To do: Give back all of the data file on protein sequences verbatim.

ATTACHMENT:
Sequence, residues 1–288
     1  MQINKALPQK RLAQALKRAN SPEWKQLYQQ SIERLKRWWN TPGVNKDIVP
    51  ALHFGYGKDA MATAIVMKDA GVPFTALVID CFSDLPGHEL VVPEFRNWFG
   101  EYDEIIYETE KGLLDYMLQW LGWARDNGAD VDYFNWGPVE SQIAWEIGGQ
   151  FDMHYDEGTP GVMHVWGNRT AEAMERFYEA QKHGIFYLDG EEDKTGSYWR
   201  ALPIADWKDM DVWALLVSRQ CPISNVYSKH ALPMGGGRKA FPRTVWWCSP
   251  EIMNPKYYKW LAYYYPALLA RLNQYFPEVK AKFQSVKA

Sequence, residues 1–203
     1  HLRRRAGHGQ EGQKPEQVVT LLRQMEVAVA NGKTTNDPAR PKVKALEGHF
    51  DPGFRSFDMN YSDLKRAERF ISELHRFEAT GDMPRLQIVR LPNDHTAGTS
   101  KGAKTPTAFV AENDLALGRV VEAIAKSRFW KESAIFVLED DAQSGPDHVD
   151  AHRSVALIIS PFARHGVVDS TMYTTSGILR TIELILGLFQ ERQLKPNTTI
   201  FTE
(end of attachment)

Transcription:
Sequence, residues 1–288
     1  MQINKALPQK RLAQALKRAN SPEWKQLYQQ SIERLKRWWN TPGVNKDIVP
    51  ALHFGYGKDA MATAIVMKDA GVPFTALVID CFSDLPGHEL VVPEFRNWFG
   101  EYDEIIYETE KGLLDYMLQW LGWARDNGAD VDYFNWGPVE SQIAWEIGGQ
   151  FDMHYDEGTP GVMHVWGNRT AEAMERFYEA QKHGIFYLDG EEDKTGSYWR
   201  ALPIADWKDM DVWALLVSRQ CPISNVYSKH ALPMGGGRKA FPRTVWWCSP
   251  EIMNPKYYKW LAYYYPALLA RLNQYFPEVK AKFQSVKA

Sequence, residues 1–203
     1  HLRRRAGHGQ EGQKPEQVVT LLRQMEVAVA NGKTTNDPAR PKVKALEGHF
    51  DPGFRSFDMN YSDLKRAERF ISELHRFEAT GDMPRLQIVR LPNDHTAGTS
   101  KGAKTPTAFV AENDLALGRV VEAIAKSRFW KESAIFVLED DAQSGPDHVD
   151  AHRSVALIIS PFARHGVVDS TMYTTSGILR TIELILGLFQ ERQLKPNTTI
   201  FTE